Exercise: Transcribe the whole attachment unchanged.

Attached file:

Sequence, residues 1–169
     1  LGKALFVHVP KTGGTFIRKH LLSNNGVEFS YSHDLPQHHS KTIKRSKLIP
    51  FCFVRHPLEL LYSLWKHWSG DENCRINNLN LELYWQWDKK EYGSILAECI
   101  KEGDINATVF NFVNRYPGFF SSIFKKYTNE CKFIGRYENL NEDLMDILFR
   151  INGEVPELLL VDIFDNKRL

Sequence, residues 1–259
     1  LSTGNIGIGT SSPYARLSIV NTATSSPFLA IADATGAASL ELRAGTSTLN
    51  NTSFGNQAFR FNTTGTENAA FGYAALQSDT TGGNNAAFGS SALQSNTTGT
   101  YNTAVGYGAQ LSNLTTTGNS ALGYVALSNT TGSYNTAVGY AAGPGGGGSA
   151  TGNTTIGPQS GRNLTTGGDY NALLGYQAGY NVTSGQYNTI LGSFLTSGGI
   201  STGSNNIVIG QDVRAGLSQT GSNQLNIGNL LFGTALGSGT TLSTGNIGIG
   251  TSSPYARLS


Sequence, residues 1–169
     1  LGKALFVHVP KTGGTFIRKH LLSNNGVEFS YSHDLPQHHS KTIKRSKLIP
    51  FCFVRHPLEL LYSLWKHWSG DENCRINNLN LELYWQWDKK EYGSILAECI
   101  KEGDINATVF NFVNRYPGFF SSIFKKYTNE CKFIGRYENL NEDLMDILFR
   151  INGEVPELLL VDIFDNKRL

Sequence, residues 1–259
     1  LSTGNIGIGT SSPYARLSIV NTATSSPFLA IADATGAASL ELRAGTSTLN
    51  NTSFGNQAFR FNTTGTENAA FGYAALQSDT TGGNNAAFGS SALQSNTTGT
   101  YNTAVGYGAQ LSNLTTTGNS ALGYVALSNT TGSYNTAVGY AAGPGGGGSA
   151  TGNTTIGPQS GRNLTTGGDY NALLGYQAGY NVTSGQYNTI LGSFLTSGGI
   201  STGSNNIVIG QDVRAGLSQT GSNQLNIGNL LFGTALGSGT TLSTGNIGIG
   251  TSSPYARLS